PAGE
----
However, if this embodiment detects attenuation characteristics in the second waves similar to those of the first waves after determining a first impact sound as the first waves, the embodiment subtracts 20 ms, the time used for detection of the attenuation characteristics, from the counter value. Thus, the embodiment avoids counting accumulated time in an event of continual striking performed by mischievous intention or the like. Since the counter value does not reach the value (30 according to this embodiment) for determination of a glass breakage in such a case, the embodiment avoids determining an impact sound produced by, for example, mischievous intention, as a glass breakage.

In addition to avoiding determining continual impact sounds as a glass breakage, this construction will detect a glass breakage without failure if a glass breakage actually occurs, for example, after continual impact sounds.

FIG. 19 shows a schematic waveform over time that occurs when glass breakage occurs after continual striking. Even if the first impact sound is determined as the first waves, the time from the second impact sound up to the first waves of the actual glass breaking sound is not counted as an accumulated time, since the waves occurring during that time are considered to have attenuation characteristics similar to those of the first impact sound. However, since the second waves of the glass breaking sound have gradually attenuating characteristics different from those of the first waves that rapidly attenuate, the accumulated time during which the level of second waves is greater than the value (background noise×constant) is counted. When the accumulated time reaches 30 ms as a predetermined time, occurrence of the second waves is determined.

Since this embodiment avoids determining occurrence of glass breakage in the case of only continual impact sounds but determines occurrence of a glass breakage if a glass breakage occurs after continual striking, the embodiment improves accuracy in detection of glass breakage.

According to the flowchart shown in FIG. 14, the output signal of the microphone 1 s constantly monitored, and the level of the output signal of the microphone 1 is stored as a background noise every time the first smoothed value fails to reach the predetermined criterion. However, it is possible to store background noise only when necessary.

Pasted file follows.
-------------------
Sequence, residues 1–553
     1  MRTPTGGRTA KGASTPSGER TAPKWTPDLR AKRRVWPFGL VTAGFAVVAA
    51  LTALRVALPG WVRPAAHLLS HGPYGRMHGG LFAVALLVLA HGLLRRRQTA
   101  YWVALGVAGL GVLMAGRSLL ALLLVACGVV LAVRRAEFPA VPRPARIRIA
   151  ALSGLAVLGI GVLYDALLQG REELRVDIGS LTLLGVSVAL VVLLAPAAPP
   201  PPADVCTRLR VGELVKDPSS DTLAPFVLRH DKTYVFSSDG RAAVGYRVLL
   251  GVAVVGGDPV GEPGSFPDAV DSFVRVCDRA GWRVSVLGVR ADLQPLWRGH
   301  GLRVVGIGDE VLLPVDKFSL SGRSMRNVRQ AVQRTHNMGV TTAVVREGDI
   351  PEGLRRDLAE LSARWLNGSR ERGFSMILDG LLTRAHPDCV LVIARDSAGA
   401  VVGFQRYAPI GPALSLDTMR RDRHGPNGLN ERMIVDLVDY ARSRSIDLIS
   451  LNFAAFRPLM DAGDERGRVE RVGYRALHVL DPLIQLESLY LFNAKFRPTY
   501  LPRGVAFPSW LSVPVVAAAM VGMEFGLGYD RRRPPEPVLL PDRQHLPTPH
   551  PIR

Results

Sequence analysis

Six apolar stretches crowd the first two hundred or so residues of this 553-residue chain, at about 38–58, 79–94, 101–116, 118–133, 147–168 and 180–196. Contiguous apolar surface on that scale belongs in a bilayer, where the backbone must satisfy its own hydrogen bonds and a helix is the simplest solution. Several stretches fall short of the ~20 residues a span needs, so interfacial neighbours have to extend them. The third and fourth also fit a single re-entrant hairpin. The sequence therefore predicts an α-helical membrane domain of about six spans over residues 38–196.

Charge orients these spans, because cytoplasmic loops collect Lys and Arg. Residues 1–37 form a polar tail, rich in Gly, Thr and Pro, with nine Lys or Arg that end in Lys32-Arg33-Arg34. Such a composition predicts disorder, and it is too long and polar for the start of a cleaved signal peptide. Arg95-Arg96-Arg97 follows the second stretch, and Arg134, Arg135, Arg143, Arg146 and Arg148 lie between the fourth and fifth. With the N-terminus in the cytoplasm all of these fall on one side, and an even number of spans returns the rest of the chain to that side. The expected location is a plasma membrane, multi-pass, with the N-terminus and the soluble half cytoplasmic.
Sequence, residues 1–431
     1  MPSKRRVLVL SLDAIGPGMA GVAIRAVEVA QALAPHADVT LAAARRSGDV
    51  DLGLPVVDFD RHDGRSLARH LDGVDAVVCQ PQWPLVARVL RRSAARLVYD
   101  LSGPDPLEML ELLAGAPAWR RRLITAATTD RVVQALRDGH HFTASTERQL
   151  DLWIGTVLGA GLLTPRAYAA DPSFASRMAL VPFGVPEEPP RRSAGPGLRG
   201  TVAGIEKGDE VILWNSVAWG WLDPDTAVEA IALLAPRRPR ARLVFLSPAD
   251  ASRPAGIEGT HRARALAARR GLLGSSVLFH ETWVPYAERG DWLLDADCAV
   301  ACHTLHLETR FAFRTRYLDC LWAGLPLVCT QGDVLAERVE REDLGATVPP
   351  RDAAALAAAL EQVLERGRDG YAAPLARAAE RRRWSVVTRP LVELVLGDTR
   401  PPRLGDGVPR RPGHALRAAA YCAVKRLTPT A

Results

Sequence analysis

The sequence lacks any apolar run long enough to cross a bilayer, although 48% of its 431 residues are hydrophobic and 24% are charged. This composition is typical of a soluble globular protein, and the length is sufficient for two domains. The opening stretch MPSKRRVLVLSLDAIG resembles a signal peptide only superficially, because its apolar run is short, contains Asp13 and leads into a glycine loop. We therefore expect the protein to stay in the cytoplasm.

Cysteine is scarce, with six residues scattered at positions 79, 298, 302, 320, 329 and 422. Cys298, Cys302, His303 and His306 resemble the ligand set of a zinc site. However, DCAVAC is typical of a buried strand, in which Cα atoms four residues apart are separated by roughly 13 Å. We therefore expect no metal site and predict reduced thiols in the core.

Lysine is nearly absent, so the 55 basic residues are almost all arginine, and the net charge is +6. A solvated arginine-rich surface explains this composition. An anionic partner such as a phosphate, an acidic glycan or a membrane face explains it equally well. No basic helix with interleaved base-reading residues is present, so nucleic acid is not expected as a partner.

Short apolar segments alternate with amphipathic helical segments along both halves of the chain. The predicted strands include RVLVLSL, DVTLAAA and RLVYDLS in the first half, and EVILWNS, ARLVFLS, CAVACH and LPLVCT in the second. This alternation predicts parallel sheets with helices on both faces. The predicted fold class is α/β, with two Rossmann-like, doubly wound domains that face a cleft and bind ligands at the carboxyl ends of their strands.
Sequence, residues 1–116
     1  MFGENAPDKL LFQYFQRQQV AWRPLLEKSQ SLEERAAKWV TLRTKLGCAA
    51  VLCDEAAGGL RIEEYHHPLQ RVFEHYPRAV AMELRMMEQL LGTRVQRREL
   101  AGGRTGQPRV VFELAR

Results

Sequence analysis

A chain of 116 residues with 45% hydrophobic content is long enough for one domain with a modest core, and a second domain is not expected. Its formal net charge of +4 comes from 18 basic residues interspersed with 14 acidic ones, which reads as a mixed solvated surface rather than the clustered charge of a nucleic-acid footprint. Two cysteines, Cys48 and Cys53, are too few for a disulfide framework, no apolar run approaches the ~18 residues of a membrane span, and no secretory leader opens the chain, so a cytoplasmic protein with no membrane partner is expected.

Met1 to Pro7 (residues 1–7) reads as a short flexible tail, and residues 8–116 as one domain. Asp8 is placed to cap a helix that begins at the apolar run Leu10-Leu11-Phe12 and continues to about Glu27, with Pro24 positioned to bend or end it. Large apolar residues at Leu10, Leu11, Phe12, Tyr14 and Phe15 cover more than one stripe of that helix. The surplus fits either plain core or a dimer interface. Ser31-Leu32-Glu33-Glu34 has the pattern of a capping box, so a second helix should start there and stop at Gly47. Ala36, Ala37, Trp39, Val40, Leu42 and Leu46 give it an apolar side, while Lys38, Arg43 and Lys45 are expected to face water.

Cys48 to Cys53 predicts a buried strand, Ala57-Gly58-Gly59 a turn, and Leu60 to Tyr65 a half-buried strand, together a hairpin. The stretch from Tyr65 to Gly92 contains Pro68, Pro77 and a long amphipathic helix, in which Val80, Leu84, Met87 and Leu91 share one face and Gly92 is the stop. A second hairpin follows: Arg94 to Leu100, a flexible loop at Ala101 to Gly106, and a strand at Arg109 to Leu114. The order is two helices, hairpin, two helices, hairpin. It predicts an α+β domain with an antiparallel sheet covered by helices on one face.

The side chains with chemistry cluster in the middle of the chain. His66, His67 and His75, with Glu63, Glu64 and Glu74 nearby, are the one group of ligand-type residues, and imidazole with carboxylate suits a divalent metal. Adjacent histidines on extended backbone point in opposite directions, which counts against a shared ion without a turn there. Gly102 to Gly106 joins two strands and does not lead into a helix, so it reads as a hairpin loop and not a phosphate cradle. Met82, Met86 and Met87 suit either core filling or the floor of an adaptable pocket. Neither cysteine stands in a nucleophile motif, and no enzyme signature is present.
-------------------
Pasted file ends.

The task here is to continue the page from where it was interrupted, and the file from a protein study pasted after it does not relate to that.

For example, in an optional construction, a circuit for outputting a rectangular waveform signal at a fixed interval is provided to periodically start the CPU 10, and a circuit for generating a trigger signal when the output signal of the microphone 1 exceeds a predetermined criterion is provided. The presence of output signal of the microphone 1 may be checked every time the rectangular waveform signal is outputted. If the output signal of the microphone 1 does not reach the predetermined criterion, the output signal of the microphone 1 may be stored as background noise. When a trigger signal occurs, the CPU 10 may be operated continuously. In this way, it becomes unnecessary to constantly operate the CPU 10, thereby reducing power consumption of the glass breakage detecting device 103.

The background noise may be inputted by sampling many data (for example, eight data points) at short intervals (for example, 0.1 ms) and storing the mean of these data as a background noise, or by calculating a moving average of the currently detected background noise and the previously stored background noise and storing the average as a background noise. Using such background noise averaging processes, the embodiment can exclude isolated noise and, therefore, stably perform detection of a glass breaking sound.

Although the presence of the input signal at the microphone 1 is determined if the first smoothed value is greater than 5 mV, the criterion determined according to this embodiment, and denied if the first smoothed value is equal to or less than 5 mV, the criterion needs to be determined in accordance with the gain of the amplifier 2, the sensitivity of the microphone 1 and the like.

Although the embodiment has the threshold for detection of the second waves set to a result of multiplication of the background by a constant which is set to be 1.1, it is possible to easily set this constant to any value suitable to the operating environment using the CPU 10 for more accurate detection of a glass breakage.

In addition, it is possible to avoid determining an impact sound that slowly attenuates as the second waves by setting a predetermined threshold for the background noise in determination of the threshold for detection of the second waves and, if the background noise is equal to or less than the threshold, setting the threshold as a background noise. FIG. 20 shows an attenuating waveform that occurs when a soft body impacts a large size pane as an example of slow attenuation. Since the attenuating waveform gradually attenuates as shown in FIG. 20, such an impact sound may possibly be detected as the second waves if the value of background noise is small. This possibility of detecting the impact sound as the second waves can be eliminated by setting the value of background noise to a threshold if the background noise is actually equal to or less than the threshold to increase the threshold for detection of the second waves, that is, the value (background noise×constant). The threshold for the background noise should be determined in accordance with the circuit gain, the microphone sensitivity or the like.